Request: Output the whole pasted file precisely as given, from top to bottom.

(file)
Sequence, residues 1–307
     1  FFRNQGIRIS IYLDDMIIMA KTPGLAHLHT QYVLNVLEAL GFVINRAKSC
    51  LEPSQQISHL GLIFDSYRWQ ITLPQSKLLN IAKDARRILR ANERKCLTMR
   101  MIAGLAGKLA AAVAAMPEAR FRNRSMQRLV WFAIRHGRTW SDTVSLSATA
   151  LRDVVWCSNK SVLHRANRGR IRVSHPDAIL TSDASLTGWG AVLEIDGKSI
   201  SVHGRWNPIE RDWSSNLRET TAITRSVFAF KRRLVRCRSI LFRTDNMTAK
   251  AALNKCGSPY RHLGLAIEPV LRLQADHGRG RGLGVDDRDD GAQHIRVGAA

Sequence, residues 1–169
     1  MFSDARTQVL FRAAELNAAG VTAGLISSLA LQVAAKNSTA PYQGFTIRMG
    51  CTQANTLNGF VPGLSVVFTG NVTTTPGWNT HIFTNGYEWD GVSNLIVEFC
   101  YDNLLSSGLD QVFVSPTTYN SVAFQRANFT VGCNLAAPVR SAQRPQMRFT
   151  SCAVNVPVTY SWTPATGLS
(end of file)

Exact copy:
Sequence, residues 1–307
     1  FFRNQGIRIS IYLDDMIIMA KTPGLAHLHT QYVLNVLEAL GFVINRAKSC
    51  LEPSQQISHL GLIFDSYRWQ ITLPQSKLLN IAKDARRILR ANERKCLTMR
   101  MIAGLAGKLA AAVAAMPEAR FRNRSMQRLV WFAIRHGRTW SDTVSLSATA
   151  LRDVVWCSNK SVLHRANRGR IRVSHPDAIL TSDASLTGWG AVLEIDGKSI
   201  SVHGRWNPIE RDWSSNLRET TAITRSVFAF KRRLVRCRSI LFRTDNMTAK
   251  AALNKCGSPY RHLGLAIEPV LRLQADHGRG RGLGVDDRDD GAQHIRVGAA

Sequence, residues 1–169
     1  MFSDARTQVL FRAAELNAAG VTAGLISSLA LQVAAKNSTA PYQGFTIRMG
    51  CTQANTLNGF VPGLSVVFTG NVTTTPGWNT HIFTNGYEWD GVSNLIVEFC
   101  YDNLLSSGLD QVFVSPTTYN SVAFQRANFT VGCNLAAPVR SAQRPQMRFT
   151  SCAVNVPVTY SWTPATGLS